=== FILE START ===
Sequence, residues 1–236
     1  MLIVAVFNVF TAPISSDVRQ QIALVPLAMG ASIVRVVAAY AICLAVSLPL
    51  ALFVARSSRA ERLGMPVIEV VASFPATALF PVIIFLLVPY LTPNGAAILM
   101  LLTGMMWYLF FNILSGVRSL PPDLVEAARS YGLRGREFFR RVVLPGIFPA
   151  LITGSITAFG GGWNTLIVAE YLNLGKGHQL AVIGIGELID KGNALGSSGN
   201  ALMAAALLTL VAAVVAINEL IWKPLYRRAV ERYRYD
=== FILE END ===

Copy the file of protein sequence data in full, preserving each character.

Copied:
Sequence, residues 1–236
     1  MLIVAVFNVF TAPISSDVRQ QIALVPLAMG ASIVRVVAAY AICLAVSLPL
    51  ALFVARSSRA ERLGMPVIEV VASFPATALF PVIIFLLVPY LTPNGAAILM
   101  LLTGMMWYLF FNILSGVRSL PPDLVEAARS YGLRGREFFR RVVLPGIFPA
   151  LITGSITAFG GGWNTLIVAE YLNLGKGHQL AVIGIGELID KGNALGSSGN
   201  ALMAAALLTL VAAVVAINEL IWKPLYRRAV ERYRYD